Touche. But I have no intention of ever paying to attend any pro sports event or buying any concessions, buying any sports merchandise, or even paying to see a game on tv, so I can't say I care about what size the stadiums are or even that the teams play in front of a live audience.

Now, I do care that the teams stop getting public money, but I thought even suggesting something like that could ever happen would make me sound like a lunatic.
   22. dejarouehg Posted: February 03, 2018 at 12:33 PM (#5618616)
20 & 21 - Excellent Posts, though I will pay to see games if I'm going away to see a new stadium. Otherwise, it's TV or a friend or client offers me tkts.

I think the players should get 50% of the pie and whatever shortfall in total salaries below 50%, should be put towards the players' pension and minor league players. It's absurd that a $10B industry can't provide these kids with reasonable wages. It's also absurd that players should not be able to make the big $ when they are most productive. I think all players should have the right to be a free agent at 26 years old.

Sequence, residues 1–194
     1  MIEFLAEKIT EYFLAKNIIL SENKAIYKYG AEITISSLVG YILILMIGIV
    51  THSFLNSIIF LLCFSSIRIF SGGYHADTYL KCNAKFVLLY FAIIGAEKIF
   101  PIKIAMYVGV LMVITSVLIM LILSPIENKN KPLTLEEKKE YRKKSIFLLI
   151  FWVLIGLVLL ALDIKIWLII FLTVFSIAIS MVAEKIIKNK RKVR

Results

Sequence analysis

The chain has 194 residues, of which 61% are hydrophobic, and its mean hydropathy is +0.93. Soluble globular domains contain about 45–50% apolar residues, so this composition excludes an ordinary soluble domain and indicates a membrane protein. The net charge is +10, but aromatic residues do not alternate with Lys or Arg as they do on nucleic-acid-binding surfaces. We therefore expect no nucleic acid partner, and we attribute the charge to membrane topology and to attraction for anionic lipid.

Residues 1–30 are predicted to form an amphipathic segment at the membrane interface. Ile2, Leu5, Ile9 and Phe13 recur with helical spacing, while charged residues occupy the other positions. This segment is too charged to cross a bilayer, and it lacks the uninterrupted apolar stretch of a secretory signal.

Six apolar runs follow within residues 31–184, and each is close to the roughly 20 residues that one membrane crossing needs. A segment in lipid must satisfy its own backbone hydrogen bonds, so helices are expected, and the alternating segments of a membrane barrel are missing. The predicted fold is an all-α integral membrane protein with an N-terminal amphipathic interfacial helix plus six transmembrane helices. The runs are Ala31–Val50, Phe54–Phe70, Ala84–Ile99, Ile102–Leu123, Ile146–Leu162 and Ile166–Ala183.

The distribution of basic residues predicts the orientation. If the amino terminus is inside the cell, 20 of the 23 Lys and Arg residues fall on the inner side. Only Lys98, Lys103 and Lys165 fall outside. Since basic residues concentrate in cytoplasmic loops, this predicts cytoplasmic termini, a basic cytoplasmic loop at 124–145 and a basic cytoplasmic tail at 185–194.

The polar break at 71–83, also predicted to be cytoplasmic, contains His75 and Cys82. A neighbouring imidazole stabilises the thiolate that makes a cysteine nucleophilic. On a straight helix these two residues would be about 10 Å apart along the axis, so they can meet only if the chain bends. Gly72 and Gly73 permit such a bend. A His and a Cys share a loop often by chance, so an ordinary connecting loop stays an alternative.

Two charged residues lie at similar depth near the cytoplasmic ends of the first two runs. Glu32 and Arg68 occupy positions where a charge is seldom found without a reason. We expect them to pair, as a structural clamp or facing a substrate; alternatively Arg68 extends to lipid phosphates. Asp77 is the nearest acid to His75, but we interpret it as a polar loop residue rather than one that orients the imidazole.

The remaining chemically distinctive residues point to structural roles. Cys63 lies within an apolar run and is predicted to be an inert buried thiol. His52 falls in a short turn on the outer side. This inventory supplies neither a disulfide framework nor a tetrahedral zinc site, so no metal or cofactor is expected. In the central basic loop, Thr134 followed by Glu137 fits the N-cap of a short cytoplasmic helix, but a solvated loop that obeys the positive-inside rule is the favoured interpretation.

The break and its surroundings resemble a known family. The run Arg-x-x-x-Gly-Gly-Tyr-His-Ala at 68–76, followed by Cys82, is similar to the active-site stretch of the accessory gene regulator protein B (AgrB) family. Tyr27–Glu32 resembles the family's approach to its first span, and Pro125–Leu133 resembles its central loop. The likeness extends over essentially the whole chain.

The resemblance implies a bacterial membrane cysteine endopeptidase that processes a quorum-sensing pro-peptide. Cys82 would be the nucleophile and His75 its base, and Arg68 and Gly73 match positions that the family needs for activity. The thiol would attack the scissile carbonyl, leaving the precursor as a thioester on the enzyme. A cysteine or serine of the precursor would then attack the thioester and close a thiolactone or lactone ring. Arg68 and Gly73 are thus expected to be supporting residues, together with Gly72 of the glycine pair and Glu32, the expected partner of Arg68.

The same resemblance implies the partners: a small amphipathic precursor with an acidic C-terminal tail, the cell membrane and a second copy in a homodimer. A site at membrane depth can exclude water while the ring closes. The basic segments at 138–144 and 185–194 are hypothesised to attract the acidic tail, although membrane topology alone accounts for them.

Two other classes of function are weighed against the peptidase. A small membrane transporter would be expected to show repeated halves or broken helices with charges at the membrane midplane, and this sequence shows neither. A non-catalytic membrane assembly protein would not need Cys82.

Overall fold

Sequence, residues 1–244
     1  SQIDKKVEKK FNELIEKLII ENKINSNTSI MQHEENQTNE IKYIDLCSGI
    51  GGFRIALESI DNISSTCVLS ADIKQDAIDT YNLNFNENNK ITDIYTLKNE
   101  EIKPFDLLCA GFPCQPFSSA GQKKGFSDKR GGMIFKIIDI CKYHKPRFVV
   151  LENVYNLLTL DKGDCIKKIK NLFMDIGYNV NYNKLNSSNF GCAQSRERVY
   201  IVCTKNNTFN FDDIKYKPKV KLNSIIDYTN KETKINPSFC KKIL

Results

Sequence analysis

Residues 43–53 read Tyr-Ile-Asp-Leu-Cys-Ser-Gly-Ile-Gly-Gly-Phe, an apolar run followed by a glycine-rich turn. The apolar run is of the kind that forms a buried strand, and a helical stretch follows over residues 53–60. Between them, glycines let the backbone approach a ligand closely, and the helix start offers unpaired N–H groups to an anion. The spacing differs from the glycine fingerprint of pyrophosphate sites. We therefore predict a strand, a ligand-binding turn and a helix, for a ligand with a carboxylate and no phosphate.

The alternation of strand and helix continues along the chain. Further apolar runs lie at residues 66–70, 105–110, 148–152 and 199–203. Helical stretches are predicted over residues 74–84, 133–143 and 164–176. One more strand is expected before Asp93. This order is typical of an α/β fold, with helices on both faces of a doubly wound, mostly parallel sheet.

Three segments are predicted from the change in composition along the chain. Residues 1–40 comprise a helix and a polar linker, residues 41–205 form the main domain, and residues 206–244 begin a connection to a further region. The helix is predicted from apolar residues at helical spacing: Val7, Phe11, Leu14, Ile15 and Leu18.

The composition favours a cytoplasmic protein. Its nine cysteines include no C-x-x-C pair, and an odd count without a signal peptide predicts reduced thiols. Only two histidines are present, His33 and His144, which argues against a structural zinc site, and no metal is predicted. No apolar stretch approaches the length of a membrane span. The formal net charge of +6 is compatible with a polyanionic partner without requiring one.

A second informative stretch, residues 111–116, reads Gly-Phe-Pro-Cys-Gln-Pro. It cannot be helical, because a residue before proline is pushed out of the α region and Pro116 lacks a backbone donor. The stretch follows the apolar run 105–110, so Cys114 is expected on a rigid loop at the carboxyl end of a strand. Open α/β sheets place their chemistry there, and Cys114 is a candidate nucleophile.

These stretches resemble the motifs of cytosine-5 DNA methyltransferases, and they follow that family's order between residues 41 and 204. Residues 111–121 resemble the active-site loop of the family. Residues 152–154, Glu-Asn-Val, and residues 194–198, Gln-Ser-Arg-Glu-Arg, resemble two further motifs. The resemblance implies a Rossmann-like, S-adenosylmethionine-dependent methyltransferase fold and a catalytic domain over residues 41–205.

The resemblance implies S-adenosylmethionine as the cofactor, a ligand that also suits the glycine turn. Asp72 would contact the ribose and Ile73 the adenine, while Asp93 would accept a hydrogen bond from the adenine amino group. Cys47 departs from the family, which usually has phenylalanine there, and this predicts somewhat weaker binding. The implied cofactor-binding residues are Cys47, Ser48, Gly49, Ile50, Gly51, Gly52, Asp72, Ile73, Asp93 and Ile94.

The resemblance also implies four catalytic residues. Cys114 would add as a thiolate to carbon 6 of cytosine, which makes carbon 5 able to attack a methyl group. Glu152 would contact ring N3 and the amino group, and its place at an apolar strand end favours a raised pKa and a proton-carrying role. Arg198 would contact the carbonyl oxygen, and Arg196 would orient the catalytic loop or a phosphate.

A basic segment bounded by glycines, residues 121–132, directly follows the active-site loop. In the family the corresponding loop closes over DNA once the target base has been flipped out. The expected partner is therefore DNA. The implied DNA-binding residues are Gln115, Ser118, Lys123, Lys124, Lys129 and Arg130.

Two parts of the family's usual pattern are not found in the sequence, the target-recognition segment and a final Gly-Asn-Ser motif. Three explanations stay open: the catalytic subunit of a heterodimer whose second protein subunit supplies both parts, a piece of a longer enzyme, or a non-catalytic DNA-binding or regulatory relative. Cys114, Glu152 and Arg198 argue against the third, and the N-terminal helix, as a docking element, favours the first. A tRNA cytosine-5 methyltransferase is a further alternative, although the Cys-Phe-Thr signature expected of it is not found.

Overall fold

Agents and players sound just like the entitled little s***ts we are raising today, as if it's their birthright to have employers enter into stupid agreements. When the agent intelligently explains away why the Albert Pujols contract shouldn't be the cautionary tale, then their positions will have some merit. Right now, they just want to cherry pick what economic components are favorable to them and ignore the others.

As for the owners, F*** 'em too!

   23. McCoy Posted: February 03, 2018 at 01:05 PM (#5618637)
How are they not making a reasonable wage?
   24. AuntBea calls himself Sky Panther Posted: February 03, 2018 at 01:11 PM (#5618643)
How are they not making a reasonable wage?